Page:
Individual study: A low-cost, low-labor-intensity electric fence effective against wild boar, sika deer, Japanese macaque and medium-sized mammals
Honda T., Kuwata H., Yamasaki S. & Miyagawa Y. (2011) A low-cost, low-labor-intensity electric fence effective against wild boar, sika deer, Japanese macaque and medium-sized mammals. Mammal Study, 36, 113-117
This study is summarised as evidence for the intervention(s) shown on the right. The icon shows which synopsis it is relevant to.
Install electric fencing to protect crops from mammals to reduce human-wildlife conflict
A replicated study in 2010 at four arable sites in Japan (Honda et al. 2011) found that a modified electric fence design was effective at excluding large and medium-sized mammals from crops. Fewer animals were recorded inside fences (0–3) than outside fences (60–327). Racoon dog Nyctereutes procyonoides (one occurrence), sika deer Cervus nippon (two) and wild boar Sus scrofa (one) crossed fences. The most frequently recorded mammals outside fences were wild boar (112 occurrences), sika deer (373) and Japanese macaque Macaca fuscata (117). Four fences enclosed cops covering 100–1,700 m2. They comprised insulated fiberglass poles (8.5 mm diameter, 2.1 m long) at 2.5-m intervals. Nine electrified wires (0.9 mm diameter) were attached, up to 1.7 m high. Nylon net (45-mm mesh) was attached to the full fence height. Poles were flexible, so animals attempting to climb would retain ground contact and hence be shocked. Measured voltages were 3,600–6,800 V. Fences were checked at least weekly. Animals were monitored inside and outside fences using infrared-triggered cameras for ≥5 months from April–November 2010.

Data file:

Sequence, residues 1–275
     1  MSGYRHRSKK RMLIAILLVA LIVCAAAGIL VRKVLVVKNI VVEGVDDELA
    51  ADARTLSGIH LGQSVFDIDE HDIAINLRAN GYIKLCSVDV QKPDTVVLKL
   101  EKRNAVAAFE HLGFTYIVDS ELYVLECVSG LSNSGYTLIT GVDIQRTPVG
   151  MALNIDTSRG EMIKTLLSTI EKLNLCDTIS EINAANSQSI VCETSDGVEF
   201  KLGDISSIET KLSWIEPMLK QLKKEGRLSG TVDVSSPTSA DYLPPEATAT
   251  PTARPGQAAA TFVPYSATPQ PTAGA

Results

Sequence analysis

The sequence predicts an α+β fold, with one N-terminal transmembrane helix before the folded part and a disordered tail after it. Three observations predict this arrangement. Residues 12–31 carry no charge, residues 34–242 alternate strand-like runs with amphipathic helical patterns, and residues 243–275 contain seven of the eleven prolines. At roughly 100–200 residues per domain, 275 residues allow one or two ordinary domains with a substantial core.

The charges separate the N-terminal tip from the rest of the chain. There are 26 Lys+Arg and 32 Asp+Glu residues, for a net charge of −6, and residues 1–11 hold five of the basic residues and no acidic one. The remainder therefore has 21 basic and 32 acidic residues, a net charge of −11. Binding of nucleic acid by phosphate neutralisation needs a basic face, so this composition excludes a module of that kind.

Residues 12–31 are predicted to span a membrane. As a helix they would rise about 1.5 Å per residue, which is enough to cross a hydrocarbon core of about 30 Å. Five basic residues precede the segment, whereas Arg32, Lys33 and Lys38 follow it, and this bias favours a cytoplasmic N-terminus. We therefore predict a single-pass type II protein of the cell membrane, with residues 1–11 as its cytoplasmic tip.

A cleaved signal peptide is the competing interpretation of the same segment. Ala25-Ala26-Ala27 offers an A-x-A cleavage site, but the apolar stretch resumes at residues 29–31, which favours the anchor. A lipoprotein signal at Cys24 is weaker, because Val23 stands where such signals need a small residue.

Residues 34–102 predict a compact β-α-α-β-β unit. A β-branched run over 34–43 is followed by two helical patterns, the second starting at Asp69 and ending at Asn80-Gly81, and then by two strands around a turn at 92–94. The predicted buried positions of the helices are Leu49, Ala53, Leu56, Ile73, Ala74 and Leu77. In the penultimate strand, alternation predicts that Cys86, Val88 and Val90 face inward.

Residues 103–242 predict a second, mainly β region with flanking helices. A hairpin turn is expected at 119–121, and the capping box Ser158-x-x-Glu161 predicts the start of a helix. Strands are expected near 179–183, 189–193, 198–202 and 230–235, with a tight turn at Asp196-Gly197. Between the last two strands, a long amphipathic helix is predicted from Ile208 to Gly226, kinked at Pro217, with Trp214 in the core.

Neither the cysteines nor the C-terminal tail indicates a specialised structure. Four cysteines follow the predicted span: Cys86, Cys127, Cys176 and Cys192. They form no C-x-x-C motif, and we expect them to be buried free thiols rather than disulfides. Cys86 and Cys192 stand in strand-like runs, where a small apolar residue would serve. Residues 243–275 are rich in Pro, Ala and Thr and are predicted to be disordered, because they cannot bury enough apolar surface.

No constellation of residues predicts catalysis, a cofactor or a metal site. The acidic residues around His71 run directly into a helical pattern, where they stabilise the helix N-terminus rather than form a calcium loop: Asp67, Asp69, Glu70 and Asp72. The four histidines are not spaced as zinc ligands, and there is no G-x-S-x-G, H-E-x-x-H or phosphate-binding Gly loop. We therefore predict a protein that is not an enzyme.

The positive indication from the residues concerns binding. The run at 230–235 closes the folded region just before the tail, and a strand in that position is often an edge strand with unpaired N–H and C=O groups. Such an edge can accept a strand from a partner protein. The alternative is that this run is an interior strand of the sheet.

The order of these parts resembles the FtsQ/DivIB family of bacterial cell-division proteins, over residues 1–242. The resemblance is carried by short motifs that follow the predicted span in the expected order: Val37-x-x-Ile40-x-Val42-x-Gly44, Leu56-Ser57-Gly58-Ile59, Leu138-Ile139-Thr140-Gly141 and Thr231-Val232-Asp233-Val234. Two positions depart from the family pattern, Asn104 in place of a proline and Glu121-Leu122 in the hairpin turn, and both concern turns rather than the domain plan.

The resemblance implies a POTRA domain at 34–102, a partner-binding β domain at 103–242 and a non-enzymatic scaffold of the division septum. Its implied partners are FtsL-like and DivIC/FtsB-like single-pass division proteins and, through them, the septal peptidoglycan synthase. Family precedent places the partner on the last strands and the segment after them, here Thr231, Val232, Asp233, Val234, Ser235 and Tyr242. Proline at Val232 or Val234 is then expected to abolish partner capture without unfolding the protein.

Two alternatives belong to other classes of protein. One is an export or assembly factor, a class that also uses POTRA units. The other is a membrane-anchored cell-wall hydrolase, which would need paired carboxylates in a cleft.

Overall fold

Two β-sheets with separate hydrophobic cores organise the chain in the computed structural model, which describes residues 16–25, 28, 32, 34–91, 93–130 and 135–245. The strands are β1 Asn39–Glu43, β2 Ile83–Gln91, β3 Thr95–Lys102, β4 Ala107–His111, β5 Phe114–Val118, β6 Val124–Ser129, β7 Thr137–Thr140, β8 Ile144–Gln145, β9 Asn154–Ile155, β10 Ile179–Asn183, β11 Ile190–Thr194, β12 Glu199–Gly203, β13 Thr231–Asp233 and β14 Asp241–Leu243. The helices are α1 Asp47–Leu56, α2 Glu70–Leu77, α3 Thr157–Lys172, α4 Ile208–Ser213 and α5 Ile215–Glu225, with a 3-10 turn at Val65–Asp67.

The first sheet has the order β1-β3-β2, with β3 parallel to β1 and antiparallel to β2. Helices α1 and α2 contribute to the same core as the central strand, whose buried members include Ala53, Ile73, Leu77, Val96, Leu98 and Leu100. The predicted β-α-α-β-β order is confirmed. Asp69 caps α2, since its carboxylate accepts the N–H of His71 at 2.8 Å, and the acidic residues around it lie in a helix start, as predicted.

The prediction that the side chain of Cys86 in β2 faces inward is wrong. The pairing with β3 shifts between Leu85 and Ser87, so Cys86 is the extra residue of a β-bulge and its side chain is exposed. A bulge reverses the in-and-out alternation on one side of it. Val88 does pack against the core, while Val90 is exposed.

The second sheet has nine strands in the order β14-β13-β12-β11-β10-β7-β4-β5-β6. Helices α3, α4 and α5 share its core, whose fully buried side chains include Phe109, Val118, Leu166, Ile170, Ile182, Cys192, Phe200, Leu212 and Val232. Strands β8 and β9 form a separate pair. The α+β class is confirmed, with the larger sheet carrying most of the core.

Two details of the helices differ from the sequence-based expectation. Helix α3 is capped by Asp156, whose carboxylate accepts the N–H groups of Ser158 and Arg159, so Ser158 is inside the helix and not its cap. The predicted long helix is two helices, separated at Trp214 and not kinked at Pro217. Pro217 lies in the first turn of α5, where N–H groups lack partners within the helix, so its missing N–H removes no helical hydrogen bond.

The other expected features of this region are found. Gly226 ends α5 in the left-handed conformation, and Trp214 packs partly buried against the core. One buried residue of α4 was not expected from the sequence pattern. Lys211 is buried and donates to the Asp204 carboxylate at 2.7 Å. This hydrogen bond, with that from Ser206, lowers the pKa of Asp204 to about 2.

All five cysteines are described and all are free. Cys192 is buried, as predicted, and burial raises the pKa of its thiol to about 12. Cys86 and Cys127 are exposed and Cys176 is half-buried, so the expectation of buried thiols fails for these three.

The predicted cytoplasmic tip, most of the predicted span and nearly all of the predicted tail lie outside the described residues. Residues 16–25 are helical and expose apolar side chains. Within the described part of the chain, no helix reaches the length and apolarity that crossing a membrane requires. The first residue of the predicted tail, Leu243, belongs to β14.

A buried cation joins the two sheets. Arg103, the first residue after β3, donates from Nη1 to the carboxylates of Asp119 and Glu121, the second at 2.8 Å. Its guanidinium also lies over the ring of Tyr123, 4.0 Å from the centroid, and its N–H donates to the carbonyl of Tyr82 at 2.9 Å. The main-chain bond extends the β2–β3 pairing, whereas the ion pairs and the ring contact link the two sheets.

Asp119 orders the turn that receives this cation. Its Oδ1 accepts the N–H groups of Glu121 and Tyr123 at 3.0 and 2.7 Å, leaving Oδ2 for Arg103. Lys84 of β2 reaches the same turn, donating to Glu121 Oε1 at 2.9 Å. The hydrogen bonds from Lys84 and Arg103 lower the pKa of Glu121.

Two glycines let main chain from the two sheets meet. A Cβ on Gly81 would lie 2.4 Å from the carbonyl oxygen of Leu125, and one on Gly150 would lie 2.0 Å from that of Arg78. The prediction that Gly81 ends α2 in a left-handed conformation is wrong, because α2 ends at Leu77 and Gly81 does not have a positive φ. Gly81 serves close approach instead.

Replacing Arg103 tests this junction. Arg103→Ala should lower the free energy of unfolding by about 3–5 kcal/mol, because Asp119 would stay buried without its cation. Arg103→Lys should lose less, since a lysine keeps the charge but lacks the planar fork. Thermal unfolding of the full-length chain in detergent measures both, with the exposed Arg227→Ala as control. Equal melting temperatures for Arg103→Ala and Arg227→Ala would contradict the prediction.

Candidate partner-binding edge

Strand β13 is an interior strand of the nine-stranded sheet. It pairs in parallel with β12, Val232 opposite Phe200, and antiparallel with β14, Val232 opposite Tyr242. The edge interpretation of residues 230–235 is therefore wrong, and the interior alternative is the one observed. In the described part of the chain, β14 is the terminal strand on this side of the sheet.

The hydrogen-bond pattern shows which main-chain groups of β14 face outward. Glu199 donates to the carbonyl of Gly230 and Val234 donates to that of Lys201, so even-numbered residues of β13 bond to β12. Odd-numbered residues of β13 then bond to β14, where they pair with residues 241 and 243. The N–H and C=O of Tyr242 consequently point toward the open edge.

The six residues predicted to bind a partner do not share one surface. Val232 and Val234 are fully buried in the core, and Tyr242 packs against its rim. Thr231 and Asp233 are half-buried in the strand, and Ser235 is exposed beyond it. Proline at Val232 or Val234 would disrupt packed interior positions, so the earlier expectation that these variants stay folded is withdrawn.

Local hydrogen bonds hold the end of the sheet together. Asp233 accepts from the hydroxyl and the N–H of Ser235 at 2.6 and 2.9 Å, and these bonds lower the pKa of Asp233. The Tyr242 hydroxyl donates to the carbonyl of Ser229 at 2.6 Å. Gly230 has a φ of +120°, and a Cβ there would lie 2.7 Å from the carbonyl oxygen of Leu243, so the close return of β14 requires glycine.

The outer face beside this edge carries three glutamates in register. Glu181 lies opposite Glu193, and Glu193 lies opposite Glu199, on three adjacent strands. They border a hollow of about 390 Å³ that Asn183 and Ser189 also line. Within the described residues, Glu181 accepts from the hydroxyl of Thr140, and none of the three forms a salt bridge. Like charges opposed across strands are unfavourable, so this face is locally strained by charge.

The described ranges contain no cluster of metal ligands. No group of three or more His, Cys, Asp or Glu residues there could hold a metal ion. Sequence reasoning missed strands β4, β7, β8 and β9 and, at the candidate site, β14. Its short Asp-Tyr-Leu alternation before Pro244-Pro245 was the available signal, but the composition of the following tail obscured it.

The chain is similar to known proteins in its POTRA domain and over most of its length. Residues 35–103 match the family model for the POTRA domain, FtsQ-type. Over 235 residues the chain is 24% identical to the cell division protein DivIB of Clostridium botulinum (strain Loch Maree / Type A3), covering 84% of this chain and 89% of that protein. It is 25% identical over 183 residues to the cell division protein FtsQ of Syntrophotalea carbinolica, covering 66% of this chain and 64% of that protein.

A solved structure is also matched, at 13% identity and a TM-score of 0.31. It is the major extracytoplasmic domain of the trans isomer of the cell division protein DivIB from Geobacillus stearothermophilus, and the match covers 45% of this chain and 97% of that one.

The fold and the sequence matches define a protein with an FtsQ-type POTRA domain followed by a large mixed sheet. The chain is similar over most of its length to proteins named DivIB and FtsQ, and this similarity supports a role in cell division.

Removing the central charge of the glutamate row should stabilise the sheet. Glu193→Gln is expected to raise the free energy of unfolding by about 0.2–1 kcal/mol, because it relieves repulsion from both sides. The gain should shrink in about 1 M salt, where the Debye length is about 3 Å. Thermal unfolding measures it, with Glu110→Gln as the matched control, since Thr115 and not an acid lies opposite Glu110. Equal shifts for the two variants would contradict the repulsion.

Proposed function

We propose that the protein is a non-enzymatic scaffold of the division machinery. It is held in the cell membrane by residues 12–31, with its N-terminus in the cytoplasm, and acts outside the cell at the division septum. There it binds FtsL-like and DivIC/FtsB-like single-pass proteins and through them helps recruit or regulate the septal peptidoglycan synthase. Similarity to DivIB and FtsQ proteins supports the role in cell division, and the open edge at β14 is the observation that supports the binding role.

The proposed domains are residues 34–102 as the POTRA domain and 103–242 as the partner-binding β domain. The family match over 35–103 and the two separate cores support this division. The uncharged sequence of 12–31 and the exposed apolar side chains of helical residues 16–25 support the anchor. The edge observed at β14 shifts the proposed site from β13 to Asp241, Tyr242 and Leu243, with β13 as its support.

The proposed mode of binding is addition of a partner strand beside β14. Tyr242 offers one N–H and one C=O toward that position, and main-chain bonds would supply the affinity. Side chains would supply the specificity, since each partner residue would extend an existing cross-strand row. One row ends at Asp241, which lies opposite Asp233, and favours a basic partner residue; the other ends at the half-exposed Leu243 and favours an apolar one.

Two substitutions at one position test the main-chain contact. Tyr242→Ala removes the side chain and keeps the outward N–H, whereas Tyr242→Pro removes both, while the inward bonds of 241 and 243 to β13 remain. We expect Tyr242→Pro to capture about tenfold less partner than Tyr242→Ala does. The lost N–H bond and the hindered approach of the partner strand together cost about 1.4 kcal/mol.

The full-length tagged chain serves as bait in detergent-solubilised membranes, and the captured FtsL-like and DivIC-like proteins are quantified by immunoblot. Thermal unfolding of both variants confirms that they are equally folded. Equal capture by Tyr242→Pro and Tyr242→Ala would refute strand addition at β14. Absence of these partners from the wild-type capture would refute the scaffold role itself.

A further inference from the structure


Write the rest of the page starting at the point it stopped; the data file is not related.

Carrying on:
(Summarised by Nick Littlewood)